Last Call at Maud's
Tired of the typical bar scene? Then check out Paris Poirier's Last Call at Maud's, a witty yet serious, entertaining yet informative, intimate yet historical documentary about the closing of the oldest lesbian bar in America. If you thought the Cheers of Boston was something, wait till you experience real-life Maud's in San Francisco.
Combining photographs, home movies and archives with scores of perceptive, good-humored interviews of patrons and employees, first-time director Poirier uses this moment of fond farewell (Maud's opened in 1966 and closed in 1989) as a touchstone to explore the postwar history of American lesbianism. Neither a tract nor a lament, Last Call at Maud's shows how the bar was, as one customer puts it, better than home.
Run-of-the-mill regulars and more famous clientele such as Phyllis Lyon and Del Martin -- founders of Daughters of Bilitis, the first international lesbian organization -- talk knowledgeably and appealingly about the Hollywood gay bars of the '40s that lesbians had to frequent because lesbian bars didn't exist then. They talk about the vice raids of the '50s in which same-sex dancers would switch partners to simulate heterosexual socializing just before the coppers arrived. About how in the Flower Power '60s bouffantish butches and femmes let their hair grow. How in California, women couldn't tend bar until 1973. How AIDS sobered lesbians to the thrills of the bar scene.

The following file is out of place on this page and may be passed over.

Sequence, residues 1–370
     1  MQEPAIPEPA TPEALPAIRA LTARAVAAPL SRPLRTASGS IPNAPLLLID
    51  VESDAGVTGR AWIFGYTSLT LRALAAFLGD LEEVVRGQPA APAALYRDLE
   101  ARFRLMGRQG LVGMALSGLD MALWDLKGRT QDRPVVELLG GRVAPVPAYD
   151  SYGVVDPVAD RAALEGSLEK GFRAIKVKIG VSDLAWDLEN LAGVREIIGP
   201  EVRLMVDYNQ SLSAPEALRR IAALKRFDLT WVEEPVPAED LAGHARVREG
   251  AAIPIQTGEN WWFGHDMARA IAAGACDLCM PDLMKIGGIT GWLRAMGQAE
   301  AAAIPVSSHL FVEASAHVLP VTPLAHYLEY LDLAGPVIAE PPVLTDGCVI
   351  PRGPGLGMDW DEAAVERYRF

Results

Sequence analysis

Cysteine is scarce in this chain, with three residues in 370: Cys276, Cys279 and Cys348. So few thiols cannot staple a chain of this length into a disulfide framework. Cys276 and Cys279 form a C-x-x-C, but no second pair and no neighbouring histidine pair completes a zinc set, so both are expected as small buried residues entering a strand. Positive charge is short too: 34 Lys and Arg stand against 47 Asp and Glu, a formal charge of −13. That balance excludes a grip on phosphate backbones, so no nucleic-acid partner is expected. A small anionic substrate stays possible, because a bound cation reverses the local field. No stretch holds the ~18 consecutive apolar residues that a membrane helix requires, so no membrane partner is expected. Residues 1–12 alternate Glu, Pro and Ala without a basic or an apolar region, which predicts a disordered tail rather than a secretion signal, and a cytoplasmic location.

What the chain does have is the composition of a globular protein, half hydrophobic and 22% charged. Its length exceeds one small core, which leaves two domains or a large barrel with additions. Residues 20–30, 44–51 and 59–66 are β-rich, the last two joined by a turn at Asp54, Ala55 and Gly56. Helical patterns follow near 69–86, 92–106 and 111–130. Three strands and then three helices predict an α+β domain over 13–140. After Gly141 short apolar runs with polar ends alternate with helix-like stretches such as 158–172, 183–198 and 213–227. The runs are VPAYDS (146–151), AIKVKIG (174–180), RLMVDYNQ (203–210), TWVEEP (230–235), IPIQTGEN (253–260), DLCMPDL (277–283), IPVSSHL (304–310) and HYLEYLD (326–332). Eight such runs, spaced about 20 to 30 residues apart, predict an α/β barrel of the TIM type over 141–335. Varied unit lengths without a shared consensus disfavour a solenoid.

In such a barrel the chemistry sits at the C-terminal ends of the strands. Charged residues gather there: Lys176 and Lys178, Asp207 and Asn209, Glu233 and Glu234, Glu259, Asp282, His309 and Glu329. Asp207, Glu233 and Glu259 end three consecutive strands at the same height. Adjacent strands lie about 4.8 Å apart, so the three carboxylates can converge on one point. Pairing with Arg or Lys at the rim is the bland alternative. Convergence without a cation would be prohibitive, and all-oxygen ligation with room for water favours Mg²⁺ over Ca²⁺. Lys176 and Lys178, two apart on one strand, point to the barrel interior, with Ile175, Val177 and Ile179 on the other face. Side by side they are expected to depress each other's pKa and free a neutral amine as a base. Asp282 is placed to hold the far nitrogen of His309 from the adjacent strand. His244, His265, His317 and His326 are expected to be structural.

Why did Maud's -- which celebrated patrons' birthdays, anniversaries and graduations and had a slow-pitch softball team -- close down? Rikki Streicher, the bar's practical, unsentimental owner, says there are now other places besides a lesbian bar for lesbians to meet, gather, feel community.
"Its time is over," observes writer Judy Grahn. "Now it will become a story." It certainly will -- it already has. It's the toast of the town, any town.
Last Call at Maud's will show at 8 p.m. Fridays, January 14, 21 and 28, at the Museum of Fine Arts, 1001 Bissonnet, 639-7515.
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